Commissioner Tools Best Practices

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With each passing month, more councils have gone live with Commissioner Tools, and through their experience our collective knowledge increases. Some councils have decided to make a gradual entry into the Commissioner Tools “pool” by recommending their commissioners get comfortable with the new processes by starting with a few Simple unit assessments. Other councils have figuratively walked around to the deep end of the pool, stepped out on the diving board, and plunged right into Commissioner Tools, asking their commissioners to establish a good unit “baseline” by starting with a Detailed unit assessment. Though different, these two approaches ultimately yield the same result—full immersion in the Commissioner Tools “pool.”

There are two general types of assessments but many options:

  • Paper or computer. The first option when making an entry in Commissioner Tools is whether to collect the information on a piece of paper so it can be entered into a computer later, or to make the entry directly into Commissioner Tools while online. For those commissioners who do not have a computer or a good Internet connection, or if they are “computer shy,” the paper route might be best, allowing entry of the information at a later date and perhaps even by another individual on behalf of the commissioner who actually made the contact. An occasional question asked is whether all your work is lost if your computer crashes while you are in the middle of a long Commissioner Tools entry, or something similar happens that disrupts your Internet connection. Fortunately not; Commissioner Tools saves your data as it is entered, data field by data field— which means the most information you will lose is the information for the last data field in which you were entering data.
  • One Simple Assessment, three types of Detailed Assessments. Through various training we’ve advertised the fact that a commissioner can literally make a Simple Assessment in less than 90 seconds. Each Unit Service Plan group (Planning and Budget, Membership, Program, and Leadership and Governance) in a Detailed Assessment can be completed either unilaterally by the commissioner or collaboratively by the commissioner and the unit Key 3. Look elsewhere in this issue of The Commissioner for the article “Why Do a Unit Service Plan?” to learn how a Collaborative Detailed Assessment is key to that process. Even though step one of a Detailed Assessment provides summary information about the unit’s training and membership status, completing the seven steps of a Detailed Assessment can be quite involved and time consuming. Did you know that for each of the four Unit Service Plan groups in a Detailed Assessment you can independently create a summary entry? That means you could create a Detailed Assessment with four summary entries, or three, or two, or just one—it’s your choice, and you should make your decision based upon your needs. I like the term “intermediate assessment” to differentiate between completed Detailed Assessments with all the subelements and those assessments that use summary entries.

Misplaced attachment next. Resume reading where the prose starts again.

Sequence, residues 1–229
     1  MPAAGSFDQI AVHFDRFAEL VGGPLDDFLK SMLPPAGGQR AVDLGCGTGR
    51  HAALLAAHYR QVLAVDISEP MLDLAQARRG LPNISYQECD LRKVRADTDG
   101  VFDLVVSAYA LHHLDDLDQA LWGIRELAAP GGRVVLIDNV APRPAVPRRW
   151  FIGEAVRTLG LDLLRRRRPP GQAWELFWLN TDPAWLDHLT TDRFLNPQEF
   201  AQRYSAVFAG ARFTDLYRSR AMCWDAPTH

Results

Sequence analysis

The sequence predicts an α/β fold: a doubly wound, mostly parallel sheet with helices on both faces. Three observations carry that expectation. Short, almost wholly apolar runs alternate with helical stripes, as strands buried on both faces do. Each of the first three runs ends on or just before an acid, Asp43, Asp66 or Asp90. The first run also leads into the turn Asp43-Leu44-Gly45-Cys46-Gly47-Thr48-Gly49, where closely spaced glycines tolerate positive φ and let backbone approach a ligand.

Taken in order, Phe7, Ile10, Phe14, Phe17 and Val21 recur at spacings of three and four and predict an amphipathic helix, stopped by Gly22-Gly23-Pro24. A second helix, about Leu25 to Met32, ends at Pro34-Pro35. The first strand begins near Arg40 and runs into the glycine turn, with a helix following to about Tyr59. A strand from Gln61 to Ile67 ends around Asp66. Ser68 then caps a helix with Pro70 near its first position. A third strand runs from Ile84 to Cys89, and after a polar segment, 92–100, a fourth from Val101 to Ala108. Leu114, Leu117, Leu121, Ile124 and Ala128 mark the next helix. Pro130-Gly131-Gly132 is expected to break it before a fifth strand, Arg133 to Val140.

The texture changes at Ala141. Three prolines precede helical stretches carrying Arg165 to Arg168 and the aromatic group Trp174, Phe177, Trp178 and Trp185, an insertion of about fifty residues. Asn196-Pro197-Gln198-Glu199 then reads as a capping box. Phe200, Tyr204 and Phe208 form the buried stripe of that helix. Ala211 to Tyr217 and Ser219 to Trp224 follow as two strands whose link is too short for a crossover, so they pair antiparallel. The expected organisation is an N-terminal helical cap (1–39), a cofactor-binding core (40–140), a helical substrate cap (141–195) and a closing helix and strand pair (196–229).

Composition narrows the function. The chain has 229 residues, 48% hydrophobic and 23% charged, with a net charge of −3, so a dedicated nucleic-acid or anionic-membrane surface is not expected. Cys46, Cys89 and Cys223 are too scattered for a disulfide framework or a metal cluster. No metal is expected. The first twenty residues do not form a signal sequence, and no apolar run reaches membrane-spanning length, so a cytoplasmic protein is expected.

Some have correctly observed that trying to complete a Detailed Assessment with a unit’s Key 3—which is a Collaborative Detailed Assessment—in a single meeting might be too large of an undertaking. When this was first suggested to me, I thought of the old joke about how you eat an elephant— one bite at a time. Did you know that by working with your unit’s Key 3 you could complete a piece of the Collaborative Detailed Assessment over a series of successive sessions, changing the date to the next scheduled contact date and saving the contact as a work in “Progress” each time until you are finished?

 
 

Summarized, the types of assessments commissioners can use to document their unit contacts are:

  • Simple
  • Detailed
    • Intermediate with the commissioner summarizing one or more of the Unit Service Plan groups
    • Unilateral with the commissioner completing all Unit Service Plan groups
    • Collaborative where the commissioner works with the unit’s Key 3

Within Commissioners Administration, when you seek to link a commissioner to a unit you have a choice: You can either assign a commissioner to a unit or assign a unit to a commissioner. While similar, there are some subtle differences. To assign a commissioner to a unit, first select the unit, then click on the Assign Commissioner button to see the pop-up window of commissioners from which you can select who are in the same district or subdistrict as the unit. Select the commissioner of choice and confirm by clicking on the Assign Commissioner button.

To assign a unit to a commissioner, first select the commissioner, then click on the Assign Unit button to see the pop-up window of units from which you can select, and then confirm by clicking on the Assign Unit button.

Note that at this time, assigning commissioners across district boundaries can be accomplished only by commissioners whose natural context allows them to see across the district lines, such as an assistant council commissioner.

It is important to keep in mind that the Commissioners Administration module will also allow you to assign multiple commissioners to the same unit, which may be helpful when you have a new commissioner taking over for an experienced commissioner.